Gardening This Weekend: December 7, 2023
As promised, here’s your list of things to accomplish between now and early next week.
• Winter color from pansies, violas, pinks, snapdragons, and ornamental cabbage and kale. In South Texas, sweet alyssum, stocks, ornamental Swiss chard, and hardy cyclamen (require protection below 30F) and other cool-season bloomers. Plant tender types in pots so you can move them into protection if you’re in a colder area. Let your certified nursery professional guide you.
• Tulips and Dutch hyacinths that have had their 45 days of “pre-chilling” in the refrigerator at 45 degrees. Soils have cooled sufficiently. Plant the bulbs 2-3 times as deep as they are tall. Plant them close together for the best show. Daffodils and grape hyacinths should also be planted now. They do not require the pre-chilling.
• Erratic growth and damaged branches from shrubs and trees. Limbs that were frozen clear back in February 2021 are very brittle and are likely to break should ice or snow accumulate and weight them down.
• Old growth and dried stalks from perennials to tidy up gardens for winter. Spread shredded tree leaves, compost, or bark mulch over the clean beds to lessen growth of weeds.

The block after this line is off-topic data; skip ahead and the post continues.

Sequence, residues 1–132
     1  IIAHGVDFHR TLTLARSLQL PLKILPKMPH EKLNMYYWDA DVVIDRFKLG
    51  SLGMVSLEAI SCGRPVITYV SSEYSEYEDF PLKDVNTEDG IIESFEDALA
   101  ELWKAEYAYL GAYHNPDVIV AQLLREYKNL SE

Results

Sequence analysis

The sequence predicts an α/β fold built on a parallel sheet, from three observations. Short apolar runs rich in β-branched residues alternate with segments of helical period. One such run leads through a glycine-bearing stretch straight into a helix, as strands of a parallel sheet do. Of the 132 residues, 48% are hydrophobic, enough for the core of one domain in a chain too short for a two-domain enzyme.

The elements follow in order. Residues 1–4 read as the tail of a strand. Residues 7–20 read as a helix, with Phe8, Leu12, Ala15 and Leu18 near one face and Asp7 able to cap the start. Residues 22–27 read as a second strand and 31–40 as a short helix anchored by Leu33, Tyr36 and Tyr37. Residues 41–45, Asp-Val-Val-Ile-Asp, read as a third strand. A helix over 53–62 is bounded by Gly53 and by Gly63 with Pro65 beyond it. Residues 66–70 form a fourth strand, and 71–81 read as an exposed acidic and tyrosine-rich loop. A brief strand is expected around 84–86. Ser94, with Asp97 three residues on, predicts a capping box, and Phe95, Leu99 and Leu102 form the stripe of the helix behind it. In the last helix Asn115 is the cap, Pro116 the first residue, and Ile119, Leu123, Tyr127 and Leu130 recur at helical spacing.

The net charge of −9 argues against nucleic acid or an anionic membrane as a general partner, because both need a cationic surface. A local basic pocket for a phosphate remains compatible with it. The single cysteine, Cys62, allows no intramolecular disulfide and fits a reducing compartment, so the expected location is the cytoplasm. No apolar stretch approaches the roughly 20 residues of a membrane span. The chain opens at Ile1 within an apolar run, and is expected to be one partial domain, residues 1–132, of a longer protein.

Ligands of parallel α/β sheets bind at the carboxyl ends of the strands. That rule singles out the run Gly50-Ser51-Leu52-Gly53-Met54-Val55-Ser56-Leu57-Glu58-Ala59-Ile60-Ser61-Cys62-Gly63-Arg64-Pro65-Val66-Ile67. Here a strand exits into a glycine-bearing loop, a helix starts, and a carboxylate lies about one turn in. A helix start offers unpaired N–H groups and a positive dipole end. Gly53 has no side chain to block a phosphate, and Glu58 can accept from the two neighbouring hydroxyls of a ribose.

• Mow lawn one final time to remove last of fallen leaves. Mowing will also eliminate many of the rank-growing broadleafed winter weeds.
• Pansies and other winter annuals with water-soluble, high-nitrogen plant food to promote vigorous growth during winter warm spells.
• Compost with ammonium sulfate granules, one cup per cubic yard of compost every 4 to 8 weeks. Turn and mix pile as you include the fertilizer. Keep pile warm and moist by covering with polyethylene plastic film.
ON THE LOOKOUT
• Cover winter annuals and other tender vegetation with lightweight frost cloth from a local independent retail garden center when extreme cold is expected. Buy it ahead of need. Cut it, label it, and set it aside until conditions call for its use.
• Houseplants for signs of scale, mealy bugs, and white flies. These pests have no natural predators indoors.